Nothing beats x-rays to find out what’s hidden inside opaque and dense objects. So, once we heard about the kernel shrivel problem we set out to try x-rays at once. Here’s a simplified report of our preliminary work, which we decided to put out there to look for potential interest in the industry.
X-ray imaging of walnuts in shell
We imaged 166 walnut samples, kindly provided by Quality Walnut Producers Pty Ltd. The imaging work has been done in the x-ray lab of Dr Marcus Kitchen at Monash University. We used a medical (mammography) x-ray unit and a flat panel digital detector. The x-ray unit was set to 35 kVp and 50 mAs. Walnut samples were placed in close proximity of the flat panel detector to acquire images. All walnut samples were placed in approximately the same orientation with respect to the detector.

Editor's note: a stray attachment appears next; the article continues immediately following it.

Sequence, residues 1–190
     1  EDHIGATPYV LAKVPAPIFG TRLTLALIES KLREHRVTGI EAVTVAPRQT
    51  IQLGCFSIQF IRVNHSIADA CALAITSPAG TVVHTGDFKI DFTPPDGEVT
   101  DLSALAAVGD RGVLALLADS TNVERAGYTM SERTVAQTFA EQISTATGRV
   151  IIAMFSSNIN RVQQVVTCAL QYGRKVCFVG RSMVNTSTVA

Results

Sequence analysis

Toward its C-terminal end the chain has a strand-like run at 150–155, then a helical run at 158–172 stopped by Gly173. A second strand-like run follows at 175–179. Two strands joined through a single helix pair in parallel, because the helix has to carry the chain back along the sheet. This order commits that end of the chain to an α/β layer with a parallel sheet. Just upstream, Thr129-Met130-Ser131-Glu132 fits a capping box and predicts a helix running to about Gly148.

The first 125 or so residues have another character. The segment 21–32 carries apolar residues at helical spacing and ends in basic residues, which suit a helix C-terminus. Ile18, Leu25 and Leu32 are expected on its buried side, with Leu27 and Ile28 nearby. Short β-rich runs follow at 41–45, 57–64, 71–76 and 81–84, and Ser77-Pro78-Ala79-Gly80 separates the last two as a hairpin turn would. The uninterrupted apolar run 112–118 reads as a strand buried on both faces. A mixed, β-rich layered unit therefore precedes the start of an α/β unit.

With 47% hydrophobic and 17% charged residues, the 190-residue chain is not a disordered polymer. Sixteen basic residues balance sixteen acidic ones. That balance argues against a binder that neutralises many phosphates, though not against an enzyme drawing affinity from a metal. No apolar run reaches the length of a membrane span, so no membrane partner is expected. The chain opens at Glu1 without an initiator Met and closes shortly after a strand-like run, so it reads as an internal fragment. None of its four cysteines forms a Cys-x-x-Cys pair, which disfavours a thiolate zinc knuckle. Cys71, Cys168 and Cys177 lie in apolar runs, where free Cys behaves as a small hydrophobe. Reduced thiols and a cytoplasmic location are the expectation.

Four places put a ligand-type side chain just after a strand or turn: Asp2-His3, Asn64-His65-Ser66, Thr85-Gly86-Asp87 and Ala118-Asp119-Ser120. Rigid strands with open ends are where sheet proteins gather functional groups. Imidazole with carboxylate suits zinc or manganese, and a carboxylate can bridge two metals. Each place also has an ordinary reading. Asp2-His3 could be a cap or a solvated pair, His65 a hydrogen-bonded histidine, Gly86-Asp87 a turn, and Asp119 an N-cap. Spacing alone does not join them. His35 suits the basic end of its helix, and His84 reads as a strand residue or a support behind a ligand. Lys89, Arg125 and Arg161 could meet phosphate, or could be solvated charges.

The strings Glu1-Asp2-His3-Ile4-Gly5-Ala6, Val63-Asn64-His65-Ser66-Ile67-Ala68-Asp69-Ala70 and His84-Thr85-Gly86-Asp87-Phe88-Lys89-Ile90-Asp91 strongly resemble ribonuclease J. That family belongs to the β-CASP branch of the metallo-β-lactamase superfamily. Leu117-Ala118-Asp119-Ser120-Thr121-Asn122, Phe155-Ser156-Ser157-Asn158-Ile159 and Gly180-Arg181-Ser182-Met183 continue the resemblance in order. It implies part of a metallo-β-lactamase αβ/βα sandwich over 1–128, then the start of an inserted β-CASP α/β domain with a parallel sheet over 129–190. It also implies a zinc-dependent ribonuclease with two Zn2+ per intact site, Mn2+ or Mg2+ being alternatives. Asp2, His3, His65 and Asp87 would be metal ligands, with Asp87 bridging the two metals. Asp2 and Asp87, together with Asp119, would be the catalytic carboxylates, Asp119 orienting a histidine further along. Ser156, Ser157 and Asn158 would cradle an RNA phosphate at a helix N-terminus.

Here’s the image overview of some of the samples we measured. We made sure to have a wide range of size and shell colour. Moreover we used walnuts from different growing regions around Victoria and New South Wales.